Subscribe!Get all the best of On Walkabout by subscribing.

On Walkabout On: Tasmania’s Wilderness Highway

Next Posting: Into the Wilds of Southwest Tasmania


After touring around the wilds of Southwest Tasmania, my wife and I headed for our next destination which was the remote west coast of Tasmania.  To reach the east coast we had to first backtrack down road B61 from Strathgordon and than take highway A10 east to the small port city of Strahan:

As we turned on A10 we began to see a lot more small towns and buildings compared to the depopulated and isolated southwest of Tasmania.  Just about every little town we passed through had an old church made of usually sturdy stonework that has allowed the structure to survive many decades in the harsh Tasmanian climate:


There was also a number of farmhouses along the highway as well that were making a living mostly grazing sheep on clear cut areas of former Tasmanian bushland:


Forestry is a very big industry in Tasmania and along the highway we saw plenty of evidence that clear cutting still continues here as a logging practice.  Fortunately the clear cut lands are being replanted by the logging companies now a days compared to the past where it just became grazing land:


Eventually the highway reached the Derwent River, which we had previously saw back near Hobart:


However, the river looks nothing like it does further down stream because of the massive deforestation that has opened up vast tracts of grazing land for the state’s various sheep farms.  There was this one lane bridge across the river that made crossing an interesting experience:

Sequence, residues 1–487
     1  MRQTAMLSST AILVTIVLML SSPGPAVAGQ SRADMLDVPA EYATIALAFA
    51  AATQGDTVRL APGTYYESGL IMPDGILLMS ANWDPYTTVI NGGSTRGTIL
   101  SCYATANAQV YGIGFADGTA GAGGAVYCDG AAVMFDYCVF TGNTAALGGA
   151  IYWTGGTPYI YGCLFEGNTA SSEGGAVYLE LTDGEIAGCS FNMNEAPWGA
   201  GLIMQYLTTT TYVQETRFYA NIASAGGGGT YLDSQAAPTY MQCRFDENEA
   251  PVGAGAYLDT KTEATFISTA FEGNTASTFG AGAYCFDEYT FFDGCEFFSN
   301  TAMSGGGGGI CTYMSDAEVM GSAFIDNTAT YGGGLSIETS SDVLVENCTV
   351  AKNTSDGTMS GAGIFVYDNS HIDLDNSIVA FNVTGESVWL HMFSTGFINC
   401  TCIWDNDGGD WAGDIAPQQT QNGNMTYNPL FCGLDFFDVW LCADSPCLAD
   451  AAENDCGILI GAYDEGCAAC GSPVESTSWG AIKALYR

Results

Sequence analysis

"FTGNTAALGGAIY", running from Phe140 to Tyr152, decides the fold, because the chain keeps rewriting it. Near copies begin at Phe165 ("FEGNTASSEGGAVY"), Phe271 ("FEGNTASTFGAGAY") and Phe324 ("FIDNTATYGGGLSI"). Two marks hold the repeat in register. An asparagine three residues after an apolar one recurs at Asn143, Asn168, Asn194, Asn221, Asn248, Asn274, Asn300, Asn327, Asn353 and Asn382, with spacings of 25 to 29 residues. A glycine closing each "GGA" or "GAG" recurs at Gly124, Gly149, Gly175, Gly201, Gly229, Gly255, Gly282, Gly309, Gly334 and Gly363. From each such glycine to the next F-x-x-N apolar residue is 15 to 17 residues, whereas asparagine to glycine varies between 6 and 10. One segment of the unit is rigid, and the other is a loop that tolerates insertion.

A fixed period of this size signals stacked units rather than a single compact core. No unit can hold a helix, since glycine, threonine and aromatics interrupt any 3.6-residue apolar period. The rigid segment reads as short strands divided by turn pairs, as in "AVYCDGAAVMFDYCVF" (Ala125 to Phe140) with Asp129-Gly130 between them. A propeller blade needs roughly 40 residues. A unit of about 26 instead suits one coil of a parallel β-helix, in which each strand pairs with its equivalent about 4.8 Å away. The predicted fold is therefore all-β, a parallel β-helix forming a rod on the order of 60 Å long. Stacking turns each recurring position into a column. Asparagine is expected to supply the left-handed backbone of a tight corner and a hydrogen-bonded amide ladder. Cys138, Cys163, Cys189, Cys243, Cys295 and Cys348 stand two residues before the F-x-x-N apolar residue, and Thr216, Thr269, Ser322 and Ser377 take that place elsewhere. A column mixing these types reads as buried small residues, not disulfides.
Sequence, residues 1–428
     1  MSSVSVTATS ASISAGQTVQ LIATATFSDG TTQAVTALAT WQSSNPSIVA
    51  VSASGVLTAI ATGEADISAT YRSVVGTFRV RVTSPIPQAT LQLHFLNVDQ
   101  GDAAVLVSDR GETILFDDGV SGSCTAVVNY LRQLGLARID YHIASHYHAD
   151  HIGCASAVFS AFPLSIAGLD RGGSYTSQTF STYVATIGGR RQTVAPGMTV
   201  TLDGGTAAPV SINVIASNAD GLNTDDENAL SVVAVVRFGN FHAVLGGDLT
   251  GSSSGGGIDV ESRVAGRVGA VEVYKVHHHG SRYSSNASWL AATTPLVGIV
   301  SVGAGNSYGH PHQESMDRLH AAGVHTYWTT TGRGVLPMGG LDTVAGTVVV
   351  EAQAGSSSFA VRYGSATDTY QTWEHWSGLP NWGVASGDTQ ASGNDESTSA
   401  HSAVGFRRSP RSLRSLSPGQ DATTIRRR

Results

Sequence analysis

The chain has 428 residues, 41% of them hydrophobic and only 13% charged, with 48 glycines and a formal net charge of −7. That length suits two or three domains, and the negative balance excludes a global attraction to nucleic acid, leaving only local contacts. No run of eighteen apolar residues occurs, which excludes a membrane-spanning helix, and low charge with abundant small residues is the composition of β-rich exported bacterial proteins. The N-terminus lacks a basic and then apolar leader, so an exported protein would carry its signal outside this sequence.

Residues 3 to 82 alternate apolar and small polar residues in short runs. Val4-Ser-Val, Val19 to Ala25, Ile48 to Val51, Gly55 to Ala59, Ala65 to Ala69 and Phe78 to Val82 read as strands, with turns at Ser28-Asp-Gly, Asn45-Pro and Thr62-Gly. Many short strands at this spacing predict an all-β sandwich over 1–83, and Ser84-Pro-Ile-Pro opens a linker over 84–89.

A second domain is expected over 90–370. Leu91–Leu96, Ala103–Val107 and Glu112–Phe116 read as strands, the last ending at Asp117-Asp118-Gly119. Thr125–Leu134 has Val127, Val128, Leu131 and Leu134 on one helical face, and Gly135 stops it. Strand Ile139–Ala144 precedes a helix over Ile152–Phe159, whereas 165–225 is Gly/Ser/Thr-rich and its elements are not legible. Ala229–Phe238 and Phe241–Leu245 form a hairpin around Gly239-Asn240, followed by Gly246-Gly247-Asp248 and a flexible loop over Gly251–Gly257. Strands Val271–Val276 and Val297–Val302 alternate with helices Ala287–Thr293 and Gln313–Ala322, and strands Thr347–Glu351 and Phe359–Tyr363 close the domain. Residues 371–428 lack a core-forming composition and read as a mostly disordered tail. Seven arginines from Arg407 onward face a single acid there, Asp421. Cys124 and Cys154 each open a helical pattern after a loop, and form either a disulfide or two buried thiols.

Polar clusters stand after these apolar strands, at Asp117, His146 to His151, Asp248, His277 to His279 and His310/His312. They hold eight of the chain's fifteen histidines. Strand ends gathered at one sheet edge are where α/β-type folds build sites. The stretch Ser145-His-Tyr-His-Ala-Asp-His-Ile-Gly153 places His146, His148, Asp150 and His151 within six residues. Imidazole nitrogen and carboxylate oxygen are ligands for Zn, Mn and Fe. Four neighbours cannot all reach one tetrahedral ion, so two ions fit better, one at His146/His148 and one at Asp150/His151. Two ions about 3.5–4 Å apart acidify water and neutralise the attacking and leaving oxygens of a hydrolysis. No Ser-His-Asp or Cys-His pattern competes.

Vehicles wishing to cross the bridge had to park on their side and await their turn to cross.  I just thought it was interesting that in a modern country like Australia that here was a major highway in Tasmania that motorists were depended on a way bridge to cross this river.  You would think at least a two lane bridge would have been built by now.  Anyway once across the Derwent River the highway begins to enter into the bush again.

Sporadically at different points along the highway there was various hydroelectric plants:


This system of hydro electric stations is managed by Hydro Tasmania that also manages the Gordon Dam we saw the day before.  The hydroelectric plant you see above creates electricity by having water use the force of gravity to travel down these pipes and and turn generators.  There are 29 of these hydro power stations in Tasmania to go along with 50 dams.  These dams and hydro power stations provide the majority of Tasmania’s energy needs.

A lake we stopped at that wasn’t formed by a dam was the beautiful Lake St. Clair:


Lake St. Clair is part of the Cradle Mountain-Lake St. Clair National Park.  The lake was carved out by ancient glaciers during the last Ice Age and is 200 meters deep.  The depth of this lake makes it not only the deepest lake in Australia, but also the deepest lake in the world:


The lake is even more famous in Australia as being the end point of the most popular multi-day hike in the country, The Overland Track that runs across Tasmania’s central highlands.  Instead of walking across the central highlands, my wife and I were driving across it from east to west and yes it was quite spectacular: